KAREN LEWIS PUBLIC ADDRESS:
IT’S ABOUT THE MONEY
CITY CLUB CHICAGO
Monday, May 5, 2014
On behalf of the members and staff of the Chicago Teachers Union, I want to thank you for inviting me to the City Club again. I am always honored and pleased to stand before you.
One of my fondest memories of growing up in Chicago was when I was about seven years and my father would take me out on Saturdays for a ride around the city in his old Plymouth. I smiled as Lake Michigan whizzed by my window and I thought its waters flowed from the most striking ocean in the world. I marveled at the skyscrapers and imagined them as the real monsters of the midway; ones that came alive at night to play football in the middle of Soldier’s Field.
I remember one time, however, as we were blazing down 63rd Street with the EL screeching on the tracks overhead, when my father became distracted for just a second and nearly hit a panhandler standing too far in the street. My father, ever the teacher, grumbled something under his breath about people needing to keep their focus—though I don’t think he was judging the man at all. He then he went on to talk about what it meant to be “in poverty” versus what it meant to be “poor.” I’m not sure what it was about that man or that incident, but it seemed to me that my father was talking more to himself than me—or maybe he was just thinking aloud. But, I can still remember what he said to me:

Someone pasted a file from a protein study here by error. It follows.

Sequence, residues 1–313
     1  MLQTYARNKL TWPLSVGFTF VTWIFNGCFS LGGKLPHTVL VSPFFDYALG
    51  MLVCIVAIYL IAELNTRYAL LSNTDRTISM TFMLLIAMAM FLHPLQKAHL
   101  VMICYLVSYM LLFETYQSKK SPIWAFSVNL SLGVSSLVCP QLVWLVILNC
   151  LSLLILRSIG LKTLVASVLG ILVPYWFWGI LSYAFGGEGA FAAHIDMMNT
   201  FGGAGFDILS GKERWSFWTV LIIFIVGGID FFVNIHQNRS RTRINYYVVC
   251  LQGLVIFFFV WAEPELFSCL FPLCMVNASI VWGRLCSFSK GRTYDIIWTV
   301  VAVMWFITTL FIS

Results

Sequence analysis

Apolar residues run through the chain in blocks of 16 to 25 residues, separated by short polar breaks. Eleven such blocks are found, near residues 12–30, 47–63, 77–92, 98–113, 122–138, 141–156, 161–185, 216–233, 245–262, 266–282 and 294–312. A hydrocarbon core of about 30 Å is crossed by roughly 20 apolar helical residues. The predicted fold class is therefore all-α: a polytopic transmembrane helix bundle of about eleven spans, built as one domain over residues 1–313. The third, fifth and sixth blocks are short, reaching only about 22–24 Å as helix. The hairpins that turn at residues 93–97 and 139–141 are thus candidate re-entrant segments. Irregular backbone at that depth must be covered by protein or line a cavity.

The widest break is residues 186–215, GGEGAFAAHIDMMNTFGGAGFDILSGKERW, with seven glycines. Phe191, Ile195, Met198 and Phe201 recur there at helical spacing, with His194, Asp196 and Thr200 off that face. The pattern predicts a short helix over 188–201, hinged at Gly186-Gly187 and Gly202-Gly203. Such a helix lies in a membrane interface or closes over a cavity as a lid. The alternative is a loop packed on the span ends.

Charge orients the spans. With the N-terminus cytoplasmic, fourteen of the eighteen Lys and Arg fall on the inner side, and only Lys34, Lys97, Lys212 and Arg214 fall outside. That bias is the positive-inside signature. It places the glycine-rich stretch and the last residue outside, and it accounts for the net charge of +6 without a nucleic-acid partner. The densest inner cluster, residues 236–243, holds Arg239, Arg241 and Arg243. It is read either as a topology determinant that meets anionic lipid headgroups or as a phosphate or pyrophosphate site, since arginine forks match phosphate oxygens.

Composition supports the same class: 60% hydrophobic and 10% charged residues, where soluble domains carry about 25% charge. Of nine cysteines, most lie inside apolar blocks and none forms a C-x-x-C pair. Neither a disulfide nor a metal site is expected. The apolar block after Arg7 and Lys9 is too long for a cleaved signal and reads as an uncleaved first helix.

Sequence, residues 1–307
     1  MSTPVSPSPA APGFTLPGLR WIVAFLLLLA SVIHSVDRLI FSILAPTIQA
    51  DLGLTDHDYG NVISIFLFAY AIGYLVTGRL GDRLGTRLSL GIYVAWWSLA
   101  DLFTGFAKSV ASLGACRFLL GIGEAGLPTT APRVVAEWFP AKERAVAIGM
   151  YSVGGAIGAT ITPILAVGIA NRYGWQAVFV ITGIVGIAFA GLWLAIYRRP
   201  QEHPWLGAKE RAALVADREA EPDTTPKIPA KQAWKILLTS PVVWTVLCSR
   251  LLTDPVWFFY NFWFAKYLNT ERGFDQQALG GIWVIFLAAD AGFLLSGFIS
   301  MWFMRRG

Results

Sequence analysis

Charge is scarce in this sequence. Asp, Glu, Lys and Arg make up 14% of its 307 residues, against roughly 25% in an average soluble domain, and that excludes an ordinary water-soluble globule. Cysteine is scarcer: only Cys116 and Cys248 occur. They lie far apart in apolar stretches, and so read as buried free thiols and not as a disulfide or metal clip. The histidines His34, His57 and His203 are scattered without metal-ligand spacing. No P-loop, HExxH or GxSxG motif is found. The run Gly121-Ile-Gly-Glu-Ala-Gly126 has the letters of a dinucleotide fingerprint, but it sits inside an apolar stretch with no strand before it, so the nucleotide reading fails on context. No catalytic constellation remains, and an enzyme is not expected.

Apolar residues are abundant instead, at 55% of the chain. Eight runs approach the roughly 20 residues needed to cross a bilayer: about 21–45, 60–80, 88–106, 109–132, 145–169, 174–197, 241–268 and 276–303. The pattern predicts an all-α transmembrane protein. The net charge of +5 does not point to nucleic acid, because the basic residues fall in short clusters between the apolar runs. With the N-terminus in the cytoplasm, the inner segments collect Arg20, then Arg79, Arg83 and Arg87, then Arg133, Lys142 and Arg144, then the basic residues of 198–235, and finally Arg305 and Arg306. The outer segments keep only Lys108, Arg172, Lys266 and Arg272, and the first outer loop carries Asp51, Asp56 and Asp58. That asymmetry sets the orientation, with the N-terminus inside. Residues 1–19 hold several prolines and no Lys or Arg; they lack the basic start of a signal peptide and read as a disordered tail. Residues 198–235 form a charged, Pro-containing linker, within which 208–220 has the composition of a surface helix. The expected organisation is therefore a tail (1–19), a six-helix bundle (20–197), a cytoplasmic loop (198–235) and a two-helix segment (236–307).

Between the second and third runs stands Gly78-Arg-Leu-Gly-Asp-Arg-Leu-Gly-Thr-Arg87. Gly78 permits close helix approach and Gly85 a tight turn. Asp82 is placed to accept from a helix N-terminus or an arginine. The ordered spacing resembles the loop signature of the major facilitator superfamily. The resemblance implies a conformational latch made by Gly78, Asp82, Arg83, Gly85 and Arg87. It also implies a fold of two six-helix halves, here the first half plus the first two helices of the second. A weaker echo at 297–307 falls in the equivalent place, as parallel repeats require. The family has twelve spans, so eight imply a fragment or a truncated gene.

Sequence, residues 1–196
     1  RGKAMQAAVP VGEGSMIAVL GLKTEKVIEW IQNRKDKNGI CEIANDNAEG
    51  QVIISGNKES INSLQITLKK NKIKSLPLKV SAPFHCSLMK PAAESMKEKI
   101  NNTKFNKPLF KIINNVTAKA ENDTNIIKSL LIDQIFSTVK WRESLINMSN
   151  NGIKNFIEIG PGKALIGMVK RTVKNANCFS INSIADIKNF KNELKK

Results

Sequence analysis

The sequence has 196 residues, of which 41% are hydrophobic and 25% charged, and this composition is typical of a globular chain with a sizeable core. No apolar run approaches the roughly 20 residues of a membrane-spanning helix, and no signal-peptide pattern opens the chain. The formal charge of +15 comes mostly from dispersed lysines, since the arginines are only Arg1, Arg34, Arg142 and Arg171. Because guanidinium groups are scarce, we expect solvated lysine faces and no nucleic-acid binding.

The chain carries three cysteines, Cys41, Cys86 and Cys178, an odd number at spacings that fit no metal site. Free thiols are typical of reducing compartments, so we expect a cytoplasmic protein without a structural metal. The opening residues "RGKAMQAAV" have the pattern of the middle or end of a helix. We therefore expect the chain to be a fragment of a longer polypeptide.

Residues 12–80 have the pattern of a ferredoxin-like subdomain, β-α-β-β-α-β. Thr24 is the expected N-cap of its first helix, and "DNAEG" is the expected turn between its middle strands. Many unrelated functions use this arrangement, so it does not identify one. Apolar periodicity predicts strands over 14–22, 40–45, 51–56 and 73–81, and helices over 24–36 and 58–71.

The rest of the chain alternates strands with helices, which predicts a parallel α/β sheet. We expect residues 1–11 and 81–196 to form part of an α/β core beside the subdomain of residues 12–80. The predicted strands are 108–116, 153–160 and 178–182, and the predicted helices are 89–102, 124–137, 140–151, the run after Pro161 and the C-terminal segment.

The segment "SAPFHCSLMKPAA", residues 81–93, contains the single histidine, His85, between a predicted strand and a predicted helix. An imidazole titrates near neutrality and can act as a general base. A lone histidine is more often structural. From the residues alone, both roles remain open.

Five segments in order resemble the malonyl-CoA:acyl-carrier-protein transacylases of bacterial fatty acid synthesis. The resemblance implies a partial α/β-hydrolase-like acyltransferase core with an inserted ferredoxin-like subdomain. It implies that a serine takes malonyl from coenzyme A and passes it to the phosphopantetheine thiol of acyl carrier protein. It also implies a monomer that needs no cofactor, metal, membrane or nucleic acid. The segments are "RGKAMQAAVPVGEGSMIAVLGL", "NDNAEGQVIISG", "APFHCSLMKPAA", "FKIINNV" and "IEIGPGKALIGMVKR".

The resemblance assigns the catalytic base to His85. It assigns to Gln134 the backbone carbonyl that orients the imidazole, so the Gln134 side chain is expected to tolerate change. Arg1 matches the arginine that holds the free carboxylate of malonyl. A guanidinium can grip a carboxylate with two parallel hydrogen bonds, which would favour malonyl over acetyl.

“Never lose your focus Karen; there’s a reason your eyes are in the front of your head,” my father said. “Poverty is an economic condition—something created by social and political systems–but being poor is a psychological condition, and it’s created by hopelessness and despair. You can have all the money in the world and be a poor and sorry soul. You can have very little and be rich in character, rich in spirit. Never let them break you down,” he said, not saying to whom he was referring. “Education is the answer, you hear me Karen? You get an education, you maintain your dignity and then you fight like hell to never let anyone take it from you. You get an education and you’ll never let anyone take from you what’s rightfully yours, you hear me? Someone wants to put you in poverty; you better fight like hell, ‘lest you find yourself lost, broken, and poor. You be smart. You keep your focus.”